In the post election analyses, Colorado voters are being called weird, strange, mercurial, and schizophrenic. What really makes for weirdness in Colorado elections is not the voters so much as the issues. You see, in Colorado we have a very liberal ballot initiative process. With enough signatures any issue can make it onto our ballots.
From the sublime (fracking bans) to the ridiculous (secession), anything can happen especially in an off-year election like this one where voters favored fracking bans, pot taxes, and secession. Yup — that sounds pretty goofy. But what it really says is that voters were motivated by single issues.
However Colorado has about 2.6 million registered voters yet only about 1.1 million — about 42% — voted in this election. So, voters were definitely motivated by single issues, just not in significant numbers.
Except in Boulder, Lafayette, Fort Collins, and Broomfield where voter turnout was over 50%, much higher than the statewide turnout, due to the anti-fracking ballot initiatives in all four cities. Boulder and Fort Collins passed five-year moratoriums and voters in neighboring Lafayette banned fracking altogether by a margin of 18 points. Even in conservative-leaning Broomfield, where drilling is already occurring inside city limits, a five-year moratorium was defeated by the slimmest of margins — 13 votes out of 20,519 — and could bounce back for a win in a recount.
In a statement, Mountain West Region director for Food & Water Watch Sam Schabacker said: “Coloradans have sent a strong simple message in this election: they do not want fracking in their communities. It’s something that Governor Hickenlooper should especially take notice of as we head towards 2014, and that all of our state and federal representatives should pay attention to.”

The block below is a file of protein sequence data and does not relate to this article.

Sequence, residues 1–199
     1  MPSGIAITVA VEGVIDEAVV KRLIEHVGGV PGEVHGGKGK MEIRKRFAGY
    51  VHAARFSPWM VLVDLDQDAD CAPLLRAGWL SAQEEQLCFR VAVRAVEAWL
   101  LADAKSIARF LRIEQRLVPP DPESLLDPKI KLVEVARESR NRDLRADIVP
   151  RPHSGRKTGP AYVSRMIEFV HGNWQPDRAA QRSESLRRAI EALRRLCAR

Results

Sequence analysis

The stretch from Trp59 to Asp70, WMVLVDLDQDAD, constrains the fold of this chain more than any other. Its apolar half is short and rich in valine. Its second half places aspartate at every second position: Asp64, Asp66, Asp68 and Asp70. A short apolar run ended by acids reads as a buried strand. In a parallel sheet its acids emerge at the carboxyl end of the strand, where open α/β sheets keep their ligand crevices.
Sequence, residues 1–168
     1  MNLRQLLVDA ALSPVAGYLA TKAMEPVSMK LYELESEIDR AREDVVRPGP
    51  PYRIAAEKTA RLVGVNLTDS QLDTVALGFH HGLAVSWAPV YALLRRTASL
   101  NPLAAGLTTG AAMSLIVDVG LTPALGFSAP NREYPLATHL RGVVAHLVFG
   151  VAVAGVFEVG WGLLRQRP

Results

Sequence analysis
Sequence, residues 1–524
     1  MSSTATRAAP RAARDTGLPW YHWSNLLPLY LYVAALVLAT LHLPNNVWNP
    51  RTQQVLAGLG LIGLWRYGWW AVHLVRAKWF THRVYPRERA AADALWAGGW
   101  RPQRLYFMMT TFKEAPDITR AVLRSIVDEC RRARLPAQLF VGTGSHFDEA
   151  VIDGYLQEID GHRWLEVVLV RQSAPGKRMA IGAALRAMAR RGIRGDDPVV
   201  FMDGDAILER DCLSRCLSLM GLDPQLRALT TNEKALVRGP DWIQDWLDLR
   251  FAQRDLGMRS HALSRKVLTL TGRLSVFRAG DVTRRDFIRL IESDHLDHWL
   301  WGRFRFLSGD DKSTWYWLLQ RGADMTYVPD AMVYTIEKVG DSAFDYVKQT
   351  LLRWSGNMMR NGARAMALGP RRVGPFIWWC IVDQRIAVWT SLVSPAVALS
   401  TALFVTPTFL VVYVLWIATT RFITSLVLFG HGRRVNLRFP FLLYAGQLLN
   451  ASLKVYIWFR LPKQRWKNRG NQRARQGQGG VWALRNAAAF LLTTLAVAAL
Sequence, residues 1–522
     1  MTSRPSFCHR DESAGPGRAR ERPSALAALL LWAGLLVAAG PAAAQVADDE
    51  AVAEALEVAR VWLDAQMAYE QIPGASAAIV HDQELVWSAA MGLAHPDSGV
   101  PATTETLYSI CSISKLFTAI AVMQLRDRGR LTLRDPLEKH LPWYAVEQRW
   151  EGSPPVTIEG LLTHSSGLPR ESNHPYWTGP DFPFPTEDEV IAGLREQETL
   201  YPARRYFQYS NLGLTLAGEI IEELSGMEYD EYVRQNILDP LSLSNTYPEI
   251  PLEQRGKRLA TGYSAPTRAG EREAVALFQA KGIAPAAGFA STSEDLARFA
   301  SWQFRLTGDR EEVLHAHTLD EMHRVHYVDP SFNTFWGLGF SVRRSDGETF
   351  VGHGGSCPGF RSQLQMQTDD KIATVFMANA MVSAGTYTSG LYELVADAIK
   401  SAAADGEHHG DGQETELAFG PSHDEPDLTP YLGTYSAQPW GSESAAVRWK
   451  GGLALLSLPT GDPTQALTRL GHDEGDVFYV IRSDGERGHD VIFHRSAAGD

Russell Mendell, an organizer for Frack Free Colorado said, “This is totally a galvanizing moment for our movement. Statewide and even across the country, people are thinking we can defeat Goliath and win these local elections.”
And yes, a statewide referendum is under consideration for next year in Colorado: Fracking bans on Front Range looming large
A fracking ban is no cakewalk. A year ago the city of Longmont voted to ban fracking inside city limits and the state sued.
Addressing the latest victories in the fracktivists’ extremist agenda, a statement from Governor Hickenlooper reads in part: “These bans may or may not result in new legal challenges from mineral rights holders, individual companies or others. No matter what happens we won’t stop working with local governments and supporting regulations that can be a national model for protecting public health and safety.”
What a coincidence! Doug Flanders also mentioned legal action in a Colorado Oil and Gas Association (COGA) statement: “While we ardently hoped that we would not have to consider going to court to allow an activity which supports these families, COGA will be evaluating all our legal options. The State Supreme Court has clearly stated oil and gas cannot be banned within a city or county.”